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    Queen Juliana’s Dutch Colonial Silver ‘Star Anise’ Filigree Betel or Jewellery Box

    Dutch East Indies
    circa 1760

    length: 16cm, height: 7.5cm, depth: 11.6cm, weight: 758g



    Private UK Collection; Sotheby's Amsterdam, The Estate of Queen Juliana of The Netherlands

    – scroll down to see further images –

    This extraordinary silver box from Dutch colonial Batavia (now Jakarta) or Sumatra, and formerly in the collection of Queen Juliana of The Netherlands, comprises panels of fine, dense silver filigree within borders of flat silver ribs and fine silver beads.

    At the centre of the hinged lid and also at the centre of the back panel are motifs based on the star anise (Illicium verum), a spice used widely in Indonesian, Malaysian and Chinese cooking, and grown in commercial quantities in Indonesia for hundreds of years. The use of this motif is highly instructive: it further suggests Dutch colonial provenance linked to the Dutch East Indies. It is also evocative – the Indies were known, in part, as the Spice Islands, and is why they were so important to Europe in the 16th-18th centuries. Control of these islands meant cornering most of the world’s spice trade.

    The remainder of the filigree comprises tight curls, and curls within curls – some of the finest filigree silver work that we have seen. Indeed, few items of Batavian filigree silver published are as extensive in their use of filigree, or as fine.

    The box sits on four spherical feet. It has an elegant twist handle on each side. The lid lifts up and is supported by an internal silver chain on each side of the box. The base of the box is of hammered sheet silver. The original lock and key are still present. (The lock though no longer functions readily.)

    The box is of the proportions of a betel box used by both the aristocratic Javanese and senior Dutch colonial administrators and their wives during the 18th century. It does not have internal dividers that are commonly found in betel boxes of the type of the period (nor are there signs of there having been any) , so the box might have been intended to serve as a jewellery box.

    The Javanese habit of chewing betel was adopted by the local Dutch and exquisite boxes to hold the nut, the betel leaf and the other accompaniments were commissioned by the Dutch. The Dutch realised early on how important betel was to the indigenous people and how it was an essential part of hospitality including with the indigenous rulers. They quickly incorporated betel use with their dealings with local elites. Paintings that show the wives of Dutchmen at the time often show betel boxes prominently displayed. One such 17th century painting by J.J. Coeman which today hangs in the Rijksmuseum shows Batavia’s Cornelia van Nieuwenroode with her husband Pieter Cnoll and two of their nine daughters, one of who is shown holding a jewelled betel box (Gelman Taylor, 2009, p. 42).

    The fashion for luxurious betel accoutrements and other finery saw the governor-general in Batavia Jacob Mossel issue a decree in 1754 stating that only the wives and widows of the governor-general, the director-general, members of the Council of the Indies and president of the Justice Council were permitted to use gold or silver betel boxes adorned with precious stones, (Zandvlieyt, 2002, p. 206).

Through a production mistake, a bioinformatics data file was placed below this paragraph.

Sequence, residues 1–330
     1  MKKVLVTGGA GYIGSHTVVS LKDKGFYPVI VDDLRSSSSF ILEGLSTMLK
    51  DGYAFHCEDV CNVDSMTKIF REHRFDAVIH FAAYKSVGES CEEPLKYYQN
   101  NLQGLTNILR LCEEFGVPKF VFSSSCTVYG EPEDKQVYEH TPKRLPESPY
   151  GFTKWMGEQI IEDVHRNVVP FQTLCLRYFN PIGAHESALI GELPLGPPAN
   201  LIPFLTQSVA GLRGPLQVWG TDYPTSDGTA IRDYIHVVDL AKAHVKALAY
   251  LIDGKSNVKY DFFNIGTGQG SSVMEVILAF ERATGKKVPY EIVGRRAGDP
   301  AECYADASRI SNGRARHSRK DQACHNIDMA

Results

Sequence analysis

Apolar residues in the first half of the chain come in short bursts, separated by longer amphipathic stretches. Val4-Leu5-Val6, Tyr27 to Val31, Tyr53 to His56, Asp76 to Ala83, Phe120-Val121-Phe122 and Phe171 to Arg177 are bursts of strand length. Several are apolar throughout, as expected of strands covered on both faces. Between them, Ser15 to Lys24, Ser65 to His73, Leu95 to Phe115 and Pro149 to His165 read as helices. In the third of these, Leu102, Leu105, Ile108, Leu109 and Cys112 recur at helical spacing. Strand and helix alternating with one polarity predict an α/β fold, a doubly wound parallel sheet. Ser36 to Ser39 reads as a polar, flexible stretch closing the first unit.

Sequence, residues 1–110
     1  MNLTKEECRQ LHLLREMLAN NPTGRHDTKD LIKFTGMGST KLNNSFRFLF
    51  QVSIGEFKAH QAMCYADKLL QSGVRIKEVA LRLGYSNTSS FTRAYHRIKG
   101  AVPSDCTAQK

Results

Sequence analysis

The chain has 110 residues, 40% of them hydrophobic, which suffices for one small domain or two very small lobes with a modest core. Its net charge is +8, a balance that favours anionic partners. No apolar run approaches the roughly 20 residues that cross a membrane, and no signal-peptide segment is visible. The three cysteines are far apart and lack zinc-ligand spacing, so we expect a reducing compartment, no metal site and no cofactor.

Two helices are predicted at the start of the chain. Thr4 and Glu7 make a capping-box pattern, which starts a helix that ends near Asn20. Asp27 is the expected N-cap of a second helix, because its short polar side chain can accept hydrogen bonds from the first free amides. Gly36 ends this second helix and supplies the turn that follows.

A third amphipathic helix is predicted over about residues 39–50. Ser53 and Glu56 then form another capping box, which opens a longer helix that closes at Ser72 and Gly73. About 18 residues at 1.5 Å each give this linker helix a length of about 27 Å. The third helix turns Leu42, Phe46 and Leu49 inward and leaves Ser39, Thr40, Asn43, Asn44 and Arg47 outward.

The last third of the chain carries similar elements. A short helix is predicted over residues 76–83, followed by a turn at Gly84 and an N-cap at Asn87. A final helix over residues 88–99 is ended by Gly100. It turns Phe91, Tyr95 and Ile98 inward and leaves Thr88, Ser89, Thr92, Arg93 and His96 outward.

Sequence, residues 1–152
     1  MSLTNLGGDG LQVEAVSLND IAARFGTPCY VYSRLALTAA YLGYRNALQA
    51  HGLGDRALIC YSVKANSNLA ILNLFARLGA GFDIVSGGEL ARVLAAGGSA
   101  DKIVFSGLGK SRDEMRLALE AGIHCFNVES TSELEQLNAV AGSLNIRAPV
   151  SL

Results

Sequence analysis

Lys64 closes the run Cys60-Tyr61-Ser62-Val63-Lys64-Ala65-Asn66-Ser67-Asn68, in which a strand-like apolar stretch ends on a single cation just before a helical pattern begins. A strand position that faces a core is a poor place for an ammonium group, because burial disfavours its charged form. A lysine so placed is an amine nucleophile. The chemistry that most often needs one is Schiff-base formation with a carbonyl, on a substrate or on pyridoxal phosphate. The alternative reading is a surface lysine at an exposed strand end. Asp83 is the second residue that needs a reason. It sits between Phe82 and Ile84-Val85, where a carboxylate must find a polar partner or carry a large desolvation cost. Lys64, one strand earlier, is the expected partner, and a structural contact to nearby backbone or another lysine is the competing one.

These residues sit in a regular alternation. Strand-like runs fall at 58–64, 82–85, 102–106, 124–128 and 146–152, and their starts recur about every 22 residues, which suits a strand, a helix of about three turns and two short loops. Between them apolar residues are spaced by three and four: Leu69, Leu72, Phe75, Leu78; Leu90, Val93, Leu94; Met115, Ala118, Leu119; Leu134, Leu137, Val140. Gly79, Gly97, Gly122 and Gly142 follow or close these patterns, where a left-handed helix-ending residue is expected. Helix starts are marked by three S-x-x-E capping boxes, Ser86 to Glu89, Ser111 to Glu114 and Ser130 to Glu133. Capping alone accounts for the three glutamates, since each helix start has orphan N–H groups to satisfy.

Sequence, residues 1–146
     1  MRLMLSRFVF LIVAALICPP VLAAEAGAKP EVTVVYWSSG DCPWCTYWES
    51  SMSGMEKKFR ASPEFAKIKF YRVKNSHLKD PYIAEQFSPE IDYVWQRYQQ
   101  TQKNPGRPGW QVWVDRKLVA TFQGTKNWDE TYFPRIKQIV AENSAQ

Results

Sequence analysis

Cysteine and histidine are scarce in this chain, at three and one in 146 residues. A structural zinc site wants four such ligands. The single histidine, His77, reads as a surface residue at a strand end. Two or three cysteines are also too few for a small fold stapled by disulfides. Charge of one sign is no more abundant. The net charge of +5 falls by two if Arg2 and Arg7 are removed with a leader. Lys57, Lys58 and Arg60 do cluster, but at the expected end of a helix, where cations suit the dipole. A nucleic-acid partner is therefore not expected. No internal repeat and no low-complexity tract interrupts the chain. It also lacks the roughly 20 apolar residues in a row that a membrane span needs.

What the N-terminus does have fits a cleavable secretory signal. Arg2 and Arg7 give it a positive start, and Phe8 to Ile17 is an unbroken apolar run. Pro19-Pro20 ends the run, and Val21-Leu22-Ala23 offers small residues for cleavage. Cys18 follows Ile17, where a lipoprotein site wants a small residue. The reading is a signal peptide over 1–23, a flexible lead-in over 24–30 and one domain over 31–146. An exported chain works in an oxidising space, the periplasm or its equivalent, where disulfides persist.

The filigree work on this box suggests that it has come from or been made by a Malay artisan who came from Sumatra. Such filigree work was known in Batavia at the time as ‘Westcust werk’ (Veenendaal, 1995, p. 88). The floral silver rivet heads used on the front of this box are not unlike those used on a box illustrated in Voskuil-Groenewegen (1998, p. 56), which is attributed to the early 18th century Batavia.

    This box came from the estate of The Netherlands’ Queen Juliana and presumably was presented to the Dutch royal family when the Dutch East VOC ruled Batavia. It is without maker’s marks but it does have Dutch import marks to the lid and base in the form of an axe stamp denoting at least 0.833 fineness and used on items that were deemed to be antique at the time of being presented for assaying. (This mark was used between 1814 and 1953.)

    The box is important for its fineness, royal Dutch provenance, and because of the star anise motifs employed, linking it to the Dutch East Indies.

    This actual box is illustrated in Malay Silver & Gold: Courtly Splendour from Indonesia, Malaysia, Singapore, Brunei & Thailand (by Michael Backman, published by River Books, forthcoming).


    Gelman Taylor, J., The Social World of Batavia: Europeans and Eurasians in Colonial Indonesia, 2nd ed., The University of Wisconsin Press, 2009.

    Haags Gemeentemuseum, V.O.C. – Zilver: Zilver uit de periode van de Verenigde Oostinische Compagnie 17de en 18de eeuw, 1983.

    Tchakaloff, T.N. et al, La Route des Indes – Les Indes et L’Europe: Echanges Artistiques et Heritage Commun 1650-1850, Somagy Editions d’Art, 1998.

    Voskuil-Groenewegen, S.M. et al, Zilver uit de tijd van de Verenigde Oostindische Compagnie, Waanders Uitgevers, 1998.

    Zandvlieyt, K. et al, The Dutch Encounter with Asia 1600-1950, Rijksmuseum Amsterdam, 2002.

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